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    I have read this thread in its entirety and am not sure I understand it all or can draw a conclusion.

    I would like to use synthetic oil in my first oil change... I intend to use a Toyota filter and Mobil 1. I am going to change the oil every 5000 miles... not personally, but have a local garage do it and give me a receipt.

    I just am not sure which Mobil one I should use.


    Is there a conclusion or does it not matter?

    thanks great Priusgurus....:)
  13. strider5

    strider5 New Member

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    I bought the 5qt bottle of Mobil 1 0w30 today from Walmart for $21.87.
  14. bigbearballs

    bigbearballs Junior Member

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    I live in TX and summer is approaching, what's the best oil for me? What interval have you fellows been using? I think 5000 miles is too soon.
  15. jayman

    jayman Senior Member

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    Prius cars operated in other markets - say the EU or Japan - running the same exact motor will specify a wide range of viscosity. You should be fine with 5W-30 year round. If very cold, certainly below -20 F, I would then run the 0W-30. You can also run the 0W-30 year round



    I hope this "local garage" is aware of some unique properties of the Prius. Most important would be the operation of the Prius, if this is the first hybrid car they have ever serviced

    A lot of us have had issues with novices and unskilled people - or those who simply didn't give a s*** - trying to operate our Prius. In some cases, there has been damage.

    Say the person who washes the car, or details it, and wants to listen to the radio. Instead of pushing on the brake pedal and then pushing Start, they simply push the dash button. Dash lights up, radio works, etc. And the battery is discharged

    Or the person who drives into the garage and notices the motor has "automatically" turned off. So they put it up on the lift, drain the oil, and in the meantime the traction battery charge has dipped to the point where the motor automatically starts again. With no oil in the sump.

    Or, the "local garage" using the wrong oil filter, which allows all the oil to leak out and seize the motor. Toyota naturally denies a warranty claim, and the garage claims it isn't their fault. Oil overfill is another common complaint, get 4 quarts of oil, drain half a quart into another container, and hand them 3.5 quarts of oil. That is PLENTY

    So make sure to carefully explain the operation of the Prius to this "local garage"
  16. jayman

    jayman Senior Member

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    Well, the Prius operated in Spain has a suggested viscosity range from 5W-30 up to 20W-50. See attached. Here in North America, 5W-30 or 10W-30. You should be fine with either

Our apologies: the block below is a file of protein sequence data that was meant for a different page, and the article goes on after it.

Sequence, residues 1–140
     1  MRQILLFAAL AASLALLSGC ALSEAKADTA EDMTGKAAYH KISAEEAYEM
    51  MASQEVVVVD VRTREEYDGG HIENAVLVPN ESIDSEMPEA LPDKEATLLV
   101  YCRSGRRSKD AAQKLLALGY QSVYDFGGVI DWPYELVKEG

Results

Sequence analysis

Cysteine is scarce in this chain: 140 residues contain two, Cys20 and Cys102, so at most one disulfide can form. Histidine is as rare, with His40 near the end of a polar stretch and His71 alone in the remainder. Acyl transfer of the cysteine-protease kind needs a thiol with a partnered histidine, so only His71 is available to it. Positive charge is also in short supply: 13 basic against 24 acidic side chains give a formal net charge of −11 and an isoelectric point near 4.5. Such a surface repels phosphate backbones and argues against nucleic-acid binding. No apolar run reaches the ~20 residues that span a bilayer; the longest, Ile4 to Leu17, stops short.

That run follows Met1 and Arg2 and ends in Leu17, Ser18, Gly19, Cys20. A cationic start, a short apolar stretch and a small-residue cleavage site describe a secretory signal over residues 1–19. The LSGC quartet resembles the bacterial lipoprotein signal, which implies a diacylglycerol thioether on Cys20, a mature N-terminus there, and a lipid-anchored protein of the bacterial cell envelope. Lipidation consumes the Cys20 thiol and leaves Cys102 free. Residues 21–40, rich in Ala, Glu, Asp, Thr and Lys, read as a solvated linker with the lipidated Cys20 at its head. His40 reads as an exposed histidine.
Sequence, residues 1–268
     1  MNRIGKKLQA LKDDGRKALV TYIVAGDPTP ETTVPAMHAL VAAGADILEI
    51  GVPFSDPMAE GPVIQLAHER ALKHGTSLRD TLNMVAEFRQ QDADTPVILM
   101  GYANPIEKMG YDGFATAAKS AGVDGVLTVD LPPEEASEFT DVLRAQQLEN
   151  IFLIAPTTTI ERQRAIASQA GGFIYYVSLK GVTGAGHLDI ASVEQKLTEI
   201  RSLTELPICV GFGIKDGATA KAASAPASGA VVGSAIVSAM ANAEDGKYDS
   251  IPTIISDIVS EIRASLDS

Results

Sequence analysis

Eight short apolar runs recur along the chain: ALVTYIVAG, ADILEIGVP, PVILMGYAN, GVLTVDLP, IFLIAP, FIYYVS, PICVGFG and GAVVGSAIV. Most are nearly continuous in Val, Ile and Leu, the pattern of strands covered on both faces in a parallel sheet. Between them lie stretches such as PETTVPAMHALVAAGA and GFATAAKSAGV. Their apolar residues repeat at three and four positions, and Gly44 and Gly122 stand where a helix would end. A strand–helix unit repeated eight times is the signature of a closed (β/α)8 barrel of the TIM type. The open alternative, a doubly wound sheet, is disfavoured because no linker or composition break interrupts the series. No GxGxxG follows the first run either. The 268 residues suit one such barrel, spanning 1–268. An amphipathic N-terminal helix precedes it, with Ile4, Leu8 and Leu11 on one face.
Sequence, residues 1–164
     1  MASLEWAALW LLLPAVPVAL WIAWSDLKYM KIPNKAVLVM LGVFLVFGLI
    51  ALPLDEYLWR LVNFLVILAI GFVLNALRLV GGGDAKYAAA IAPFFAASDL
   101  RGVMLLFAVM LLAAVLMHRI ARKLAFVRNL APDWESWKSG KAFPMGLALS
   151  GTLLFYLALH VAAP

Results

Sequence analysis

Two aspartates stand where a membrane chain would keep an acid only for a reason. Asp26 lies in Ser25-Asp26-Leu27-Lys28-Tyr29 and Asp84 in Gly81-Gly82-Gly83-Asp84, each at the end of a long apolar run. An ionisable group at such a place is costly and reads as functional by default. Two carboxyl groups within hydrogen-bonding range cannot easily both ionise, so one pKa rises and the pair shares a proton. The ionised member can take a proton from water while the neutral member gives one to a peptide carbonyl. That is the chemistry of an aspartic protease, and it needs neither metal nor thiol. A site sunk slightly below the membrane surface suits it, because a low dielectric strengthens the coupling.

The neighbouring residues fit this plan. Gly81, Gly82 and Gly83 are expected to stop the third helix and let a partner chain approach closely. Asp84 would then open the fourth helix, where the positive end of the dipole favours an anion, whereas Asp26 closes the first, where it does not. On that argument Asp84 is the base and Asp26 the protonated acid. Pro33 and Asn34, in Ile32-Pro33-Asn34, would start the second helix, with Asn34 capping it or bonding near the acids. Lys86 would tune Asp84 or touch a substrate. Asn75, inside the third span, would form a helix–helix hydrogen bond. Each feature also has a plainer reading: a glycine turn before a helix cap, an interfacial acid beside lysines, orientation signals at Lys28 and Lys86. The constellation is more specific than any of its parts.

I agree with synthetic, especially one rated ACEA A3,B3/B4, 5,000 miles is much too often. The same car operated in the EU is 12 months or 10,000 miles. However, for "warranty" Toyota does require a 6 month or 5,000 mile interval

    I greatly exceed that, but I also do used oil analysis. It would be *very* difficult for Toyota to "prove" my oil interval was the cause of any motor issue. My Prius is off warranty anyway

    Attached Files:

  17. strider5

    strider5 New Member

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    anyone know where I can get Used Oil Analysis done in the US? Whats a ballpark cost to have it done?

    Jayman: is there any issue mixing Mobil 1 0w30 and 0w40? I have a couple quarts of 0w40 left from my old car, so if I can use it without issue that would be nice.
  18. drees

    drees Senior Member

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    Blackstone Labs, costs about $20.


    Nope, mix away. If you're worried about it only mix 1 qt of the 0w40 with the rest being 0w30, but the 0w40 is a good oil (I'm assuming Mobil 1).
  19. jayman

    jayman Senior Member

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    Go ahead and use it up. I'm currently using Mobil 1 0W-40 in my FJ with great results. Using 2 qts of 0W-40 and 1-1.5 quarts of 0W-30 won't affect the Prius
  20. Rest

    Rest Active Member

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    I never said 0W was "bad" compared to 5W. All I said was that in the States, it is not approved for 2004-2008 Prius models. I would much rather run the 0W for the fuel savings but, since it is the U.S. division of Toyota that warranties my Prius, I have no choice but to use the weight of oil they suggest if I want to keep my engine warranty. Once the warranty is up I am switching.